We’ve all heard the many stories of how Medicaid and Medicare are guilty of wasteful spending. The government’s own General Accountability Office (GAO) has long since designated Medicaid as a “high-risk” program. It says it’s “particularly vulnerable to fraud, waste, abuse and improper payments”. Even the Department of Health and Human Services, or HHS, reports an improper payment rate of nearly 10 percent. If you’re wondering what that equates to across the nation, it adds up to a cool $40 billion in Medicaid spending deemed either wasteful and/or fraudulent. And now, Medicare is in the spotlight as paying for drugs for the deceased is becoming a problem.
In a new report from the same HHS says that a particular Medicare rule allows for payments to be made for prescriptions filled up to 32 days after a patient has died. The report says that obviously, drugs for the deceased don’t meet the Medicare coverage requirement and that changes should be made immediately. Medicare, for its part, has already said it’s working on a new formula that would catch those errors before they’re made.
Medicare is a big program; mistakes are bound to happen, but it’s the way that they’re happening, the inconsistency in how they’re happening and the fact that “no one knows anything”. Medicare covers around 55 million seniors and disabled people. It’s only been since 2006 that prescription coverage has been delivered through private insurance plans. This was one of the larger Medicare expansions, and it’s also been one of the biggest areas where fraud and scams occur.
How it was Discovered
The investigators took a “tiny sliver” of claims for just one prescription drug in 2012 and examined them. They cross referenced them with death records and found that program paid for drugs for 158 beneficiaries after they had died. Just that small number equated to a taxpayer bill of $292,381, an average of $1,850 for each beneficiary. For whatever reasons, Medicare’s program allows these overpayments to happen. Even more disturbing is that half of those prescriptions they examined were actually filled by someone living. Often, multiple prescriptions were filled.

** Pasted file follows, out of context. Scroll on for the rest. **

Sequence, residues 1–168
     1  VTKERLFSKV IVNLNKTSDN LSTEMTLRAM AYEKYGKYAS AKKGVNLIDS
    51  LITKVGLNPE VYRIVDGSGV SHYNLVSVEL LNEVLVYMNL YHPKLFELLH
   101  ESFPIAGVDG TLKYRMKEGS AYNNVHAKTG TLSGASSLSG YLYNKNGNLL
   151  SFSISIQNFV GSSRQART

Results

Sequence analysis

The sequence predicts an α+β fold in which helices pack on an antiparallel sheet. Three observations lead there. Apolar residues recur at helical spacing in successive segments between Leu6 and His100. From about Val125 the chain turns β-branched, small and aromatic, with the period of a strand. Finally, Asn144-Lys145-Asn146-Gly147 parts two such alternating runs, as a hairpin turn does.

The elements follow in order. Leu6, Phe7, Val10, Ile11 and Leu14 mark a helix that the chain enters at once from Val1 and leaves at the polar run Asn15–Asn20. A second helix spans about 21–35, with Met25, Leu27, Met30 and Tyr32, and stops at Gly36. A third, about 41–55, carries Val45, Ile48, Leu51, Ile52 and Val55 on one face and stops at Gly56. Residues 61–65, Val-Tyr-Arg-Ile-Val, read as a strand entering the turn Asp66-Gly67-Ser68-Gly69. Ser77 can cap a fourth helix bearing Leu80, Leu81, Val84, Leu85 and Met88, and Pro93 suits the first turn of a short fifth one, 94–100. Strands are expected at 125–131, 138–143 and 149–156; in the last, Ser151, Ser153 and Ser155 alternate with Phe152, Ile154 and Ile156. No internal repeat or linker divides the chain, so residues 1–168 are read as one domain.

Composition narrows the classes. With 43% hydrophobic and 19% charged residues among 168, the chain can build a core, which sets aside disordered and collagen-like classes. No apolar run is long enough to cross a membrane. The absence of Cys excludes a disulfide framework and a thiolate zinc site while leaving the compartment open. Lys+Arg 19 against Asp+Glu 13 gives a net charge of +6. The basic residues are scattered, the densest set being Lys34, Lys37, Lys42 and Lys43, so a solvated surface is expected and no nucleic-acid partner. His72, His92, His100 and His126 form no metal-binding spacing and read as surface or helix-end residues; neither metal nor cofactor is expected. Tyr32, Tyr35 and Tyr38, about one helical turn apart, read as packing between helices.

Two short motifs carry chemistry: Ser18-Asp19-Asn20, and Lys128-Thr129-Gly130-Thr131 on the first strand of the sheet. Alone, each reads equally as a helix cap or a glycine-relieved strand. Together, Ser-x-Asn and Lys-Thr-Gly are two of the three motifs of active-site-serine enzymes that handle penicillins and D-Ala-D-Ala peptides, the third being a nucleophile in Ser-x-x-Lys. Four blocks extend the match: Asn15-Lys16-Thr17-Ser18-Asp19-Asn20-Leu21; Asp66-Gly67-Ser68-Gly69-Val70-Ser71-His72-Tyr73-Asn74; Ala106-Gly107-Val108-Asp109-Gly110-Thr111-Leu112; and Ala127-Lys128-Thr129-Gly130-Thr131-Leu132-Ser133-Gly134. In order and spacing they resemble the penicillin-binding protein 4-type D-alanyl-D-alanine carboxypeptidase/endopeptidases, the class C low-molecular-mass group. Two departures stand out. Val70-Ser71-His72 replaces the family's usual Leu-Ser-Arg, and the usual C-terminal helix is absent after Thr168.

A Few of the Findings
In one instance, Medicare paid $1,200 for an HIV prescription for a 90-year-old Boston-area beneficiary that was dispensed 25 days after he died. The man had no history of HIV in his Medicare record.
In another instance, a Miami pharmacy filled a prescription for an 80-year-old beneficiary 16 days after he died. Medicare paid $1,800. Later the same day, the same pharmacy then dispensed the same two drugs on behalf on an 81-year-old woman who died 10 days earlier.
Of course, no one knows what happened to the drugs after they were given to the “patient”. Some say because they were HIV drugs in many instances, they could have been delivered “underground” to help those with HIV but who could not afford the medications. The newer HIV drugs are extraordinarily high and out of reach for many patients.
Prescription drug fraud is rampant in this country, but it shouldn’t affect the millions who rely on Medicaid and Medicare. To learn more about seeking coverage for yourself or your loved one, contact our team of estate planning lawyers today.